Work”ability”

True confessions.

I’m guessing very few of you ever got a “bad grade” in any of your college studies. But I know someone who did … me. It was my sophomore year poetry class. Now a low mark isn’t something I’m particularly proud of (believe it or not, I was a pretty good student overall). But in this case, I really fell short.

What happened?

It didn’t take long for me to realize I didn’t like poetry (studying it). I wasn’t that interested. The subject, and the professor were boring to me (they were both way over my head). Iambic pentameter – blah. (Sidebar: I actually have a much greater appreciation for poetry now than I ever did then.) I have no idea why I signed up for the course (other than being on a liberal arts track). I didn’t go to many classes, or put much effort into study. Skipped a lot of the reading. Tuned out when I was there.

Did I withdraw from the course? No, I stuck it out. I didn’t withdraw on paper, but I sure did mentally.

Gee, I wonder why I had a problem?

I learned a valuable lesson.

This experience taught me an important fact – without commitment and work ethic we’re going to significantly underperform. We can only go so far when we’re just going through the motions, or working on a superficial level. That’s true in school, and at the office. Commitment and work ethic are required for achievement.

What’s going on with Millennials?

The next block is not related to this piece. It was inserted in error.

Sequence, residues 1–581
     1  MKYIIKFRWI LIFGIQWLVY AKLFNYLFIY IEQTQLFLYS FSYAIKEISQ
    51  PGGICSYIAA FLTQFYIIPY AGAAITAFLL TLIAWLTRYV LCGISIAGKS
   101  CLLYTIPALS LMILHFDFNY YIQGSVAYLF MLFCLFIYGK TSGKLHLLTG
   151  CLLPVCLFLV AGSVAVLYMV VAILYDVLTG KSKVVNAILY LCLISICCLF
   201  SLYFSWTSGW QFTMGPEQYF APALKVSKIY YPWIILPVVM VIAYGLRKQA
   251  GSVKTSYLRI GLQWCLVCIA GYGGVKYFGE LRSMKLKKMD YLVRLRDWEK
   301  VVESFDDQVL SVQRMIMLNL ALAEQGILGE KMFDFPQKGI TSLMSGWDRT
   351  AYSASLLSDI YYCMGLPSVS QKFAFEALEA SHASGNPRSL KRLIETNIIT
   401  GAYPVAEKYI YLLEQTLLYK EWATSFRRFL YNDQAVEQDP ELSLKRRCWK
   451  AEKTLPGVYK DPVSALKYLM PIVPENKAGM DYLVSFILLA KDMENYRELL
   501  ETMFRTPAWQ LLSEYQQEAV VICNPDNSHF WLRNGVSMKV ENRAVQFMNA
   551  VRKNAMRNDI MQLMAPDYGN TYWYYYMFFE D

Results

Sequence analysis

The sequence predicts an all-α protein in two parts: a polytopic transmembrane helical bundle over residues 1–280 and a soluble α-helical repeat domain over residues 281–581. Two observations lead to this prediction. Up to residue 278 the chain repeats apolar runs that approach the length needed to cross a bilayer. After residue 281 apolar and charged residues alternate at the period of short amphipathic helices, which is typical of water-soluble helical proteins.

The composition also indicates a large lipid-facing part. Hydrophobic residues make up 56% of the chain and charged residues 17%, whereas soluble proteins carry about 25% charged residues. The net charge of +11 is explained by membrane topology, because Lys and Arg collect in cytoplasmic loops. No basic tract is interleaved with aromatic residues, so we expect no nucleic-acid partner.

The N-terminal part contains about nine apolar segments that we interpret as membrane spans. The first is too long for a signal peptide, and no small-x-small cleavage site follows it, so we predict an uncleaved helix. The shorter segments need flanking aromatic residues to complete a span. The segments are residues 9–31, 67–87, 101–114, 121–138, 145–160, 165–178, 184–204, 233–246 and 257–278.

Managers tell me they have reasons to question the commitment and work ethic of many of their millennial workers. Their work“Ability,” so to speak.

As leaders, managers, supervisors, we need to stay close to and engaged with our youngest workers. They have greater interactive expectations. They’re more used to working in groups, supporting one another, interacting vs. going it alone, jumping from one thing to the next, not deciding until the last minute, conforming to popular opinions, looking for quick answers (Google mentality), or believing that test scores predict career achievements. They may think they’re leadership ready right out of the box.

We can’t just let them flounder on their own. Ignored, they can easily give up, move on, or lose interest in what they’re doing. Of course, this doesn’t apply to everyone. I get that.

But in general, millennials need a lot of our attention to help them succeed. It will take effort on our part to engage them with the workplace, and learn how to connect their educational abilities with the fundamental rules of success, achievement, and performance. Commitment and work ethic are best taught by demonstrating them in our own behaviors. They need to see it in action. Showing is much more effective than telling.

How long that will take … we’ll see? But it’s just part of modeling work“Ability” to our newest workers.

– Jerry Strom

Twitter: @JerryRStrom. For more information about our leadership and team development programs, please visit http://www.JerryStrom.com . Join the mailing list to receive new articles as they are published. This article is based on research conducted for the *‘The Relationships Report: The Linkage between Leadership and Relationships,’ by Jerry Strom & Company, Inc. Find ‘How Leaders Build Relationships at Work’ at http://www.jerrystrom.com/research/js_relationships.html short insights on Twitter at #RelationshipsRPT

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